“What do you mean, the real city?” I asked. “We just moved from Detroit, Michigan!” Meaning: that madly aggressive and industrious and rather dirty, spread out city of millions; the automotive capitol of the world (still, in 1992)!
“You’ve lived in a fairly tony suburb,” she reminded me, “not inner city Detroit.”
“Well, we lived on a more modest street in a one square mile village. I guess it considered a good suburb–it was certainly picturesque,” I agreed.
“Now you live in the city with diversity of many sorts. This is close-in NE, meaning close to city center. Our downtown area is not like Detroit’s, if you recall; it’s generally safe. This neighborhood is variable block by block, perhaps, but this block is great. The area is improving a lot; it’s a great investment. I hope you’ll love it inside.”
Allanya bought houses and often renovated them; they were kept a few short years as rentals, then sold. I was getting a discount on rent and was deeply grateful for a readied house. I was only feeling the newcomer, unaccustomed to the ways and means of our new hometown.
The house itself was nondescript outside but, as promised, indoors it was spacious, light-flooded, attractive. It had a living room fireplace, a feature not in our last home. It had an enclosed porch/ sunroom I could use to write. Also a partially-finished basement with one bedroom and bathroom; huge kitchen with french doors and three bedrooms upstairs with bathroom. There was a vase full of cheery, fresh cut flowers on the table. We felt so welcomed. What more could we possibly want? So we lugged our suitcases up the stairs and unloaded the U Haul.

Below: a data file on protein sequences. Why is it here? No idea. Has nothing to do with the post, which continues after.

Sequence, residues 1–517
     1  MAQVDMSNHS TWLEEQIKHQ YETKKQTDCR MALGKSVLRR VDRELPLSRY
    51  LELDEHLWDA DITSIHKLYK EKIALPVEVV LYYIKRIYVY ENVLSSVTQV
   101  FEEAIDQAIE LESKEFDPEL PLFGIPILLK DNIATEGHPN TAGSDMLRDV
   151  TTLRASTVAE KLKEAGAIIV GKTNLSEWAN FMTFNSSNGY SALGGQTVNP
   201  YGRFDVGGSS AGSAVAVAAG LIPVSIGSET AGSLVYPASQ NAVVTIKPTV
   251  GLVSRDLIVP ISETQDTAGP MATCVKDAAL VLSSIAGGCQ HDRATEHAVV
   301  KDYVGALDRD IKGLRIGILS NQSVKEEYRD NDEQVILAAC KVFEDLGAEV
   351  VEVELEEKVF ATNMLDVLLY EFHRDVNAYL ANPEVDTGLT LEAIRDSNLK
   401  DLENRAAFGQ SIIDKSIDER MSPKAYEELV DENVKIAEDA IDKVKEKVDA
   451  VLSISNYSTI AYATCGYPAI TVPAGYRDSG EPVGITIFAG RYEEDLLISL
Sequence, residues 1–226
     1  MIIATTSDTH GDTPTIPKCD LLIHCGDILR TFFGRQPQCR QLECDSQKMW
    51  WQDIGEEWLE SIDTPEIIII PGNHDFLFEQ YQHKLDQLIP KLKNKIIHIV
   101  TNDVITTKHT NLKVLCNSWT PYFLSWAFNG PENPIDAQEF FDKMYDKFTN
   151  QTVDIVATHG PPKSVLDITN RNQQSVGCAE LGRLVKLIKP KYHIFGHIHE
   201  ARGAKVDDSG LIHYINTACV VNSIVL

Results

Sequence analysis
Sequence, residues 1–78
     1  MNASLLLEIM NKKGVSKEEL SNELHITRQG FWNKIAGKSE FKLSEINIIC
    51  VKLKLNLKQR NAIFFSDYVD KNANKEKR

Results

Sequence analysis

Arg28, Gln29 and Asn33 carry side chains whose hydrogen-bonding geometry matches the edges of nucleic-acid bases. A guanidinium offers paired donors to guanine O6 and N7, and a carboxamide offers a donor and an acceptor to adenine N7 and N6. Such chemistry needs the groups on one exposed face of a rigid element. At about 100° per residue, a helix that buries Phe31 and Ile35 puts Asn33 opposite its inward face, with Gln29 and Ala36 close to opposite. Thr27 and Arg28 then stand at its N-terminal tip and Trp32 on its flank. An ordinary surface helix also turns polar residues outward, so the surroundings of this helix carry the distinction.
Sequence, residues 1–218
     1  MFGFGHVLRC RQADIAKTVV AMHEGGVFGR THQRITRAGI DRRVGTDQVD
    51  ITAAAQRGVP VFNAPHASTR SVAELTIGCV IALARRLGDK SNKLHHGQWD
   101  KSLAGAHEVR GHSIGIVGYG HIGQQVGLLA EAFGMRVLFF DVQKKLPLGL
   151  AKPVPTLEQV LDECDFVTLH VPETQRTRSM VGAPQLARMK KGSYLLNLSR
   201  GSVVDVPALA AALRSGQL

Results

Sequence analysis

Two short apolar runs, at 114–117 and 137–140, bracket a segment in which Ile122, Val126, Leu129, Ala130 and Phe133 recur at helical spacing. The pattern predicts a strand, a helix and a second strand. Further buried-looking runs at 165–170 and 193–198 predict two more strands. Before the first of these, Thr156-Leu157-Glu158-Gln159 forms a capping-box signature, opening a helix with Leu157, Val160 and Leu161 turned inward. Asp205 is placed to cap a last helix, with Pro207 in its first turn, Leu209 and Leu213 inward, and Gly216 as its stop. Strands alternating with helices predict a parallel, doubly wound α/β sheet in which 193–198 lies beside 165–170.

The back yard was good-sized with a garage. It had a weathered picnic table. Was that an alley back there? I peered over a fence, wondering how busy that got. My daughter and I took a walk the next day, down the block and to a busy intersection. We located the stop where she’d get the bus to school if she couldn’t be driven (she’d always been driven to school by me). Not a school bus. A regular city bus, unheard of in MI. as school transport and thus strange to us. I had been told by my sister that most kids took city buses by middle school; public transportation was so ubiquitous that youth and a great many adults went everywhere via bus system. I vowed to get a job that allowed me to drive her. I half promised to learn the bus system.
On the way back we noticed a small box of a nondescript store simply named “J’s Market.” It was a quick-stop sort of place; we were thirsty so went in search of sodas. It seemed a good sign that there was a place so close in case we needed a can of soup or a gallon of milk. We entered and found the usual fare though it seemed dingier than expected. We browsed and were immediately watched by a hawkeyed older Asian store clerk, who simply nodded at me when I smiled and greeted him. As we checked out, I tried to be friendly.
“We’re new in the neighborhood. Nice to find a store so close.”
“Okay, good,” he said, taking my money.
“We’re from Michigan.”
“People coming all over.” He hadn’t looked up yet.
“I imagine so, it is a beautiful city.”
“Okay, have good day, thank you.”
We gave a little wave as we exited and he finally smiled ever so slightly, nodded again.
“What do you think so far?” I asked Alexandra.
“That felt sort of weird. It sure is different here. But I think I like it.”
“Well, new places and people are good. We’re not in the ‘burbs, anymore.”
“That’s for sure!”
“You have a great view from your room onto the front yard. Big trees, too, like home.”
“Yeah,” she said and looked around at the street, stores, other houses, as if looking for something that could become her new inner magnetic North.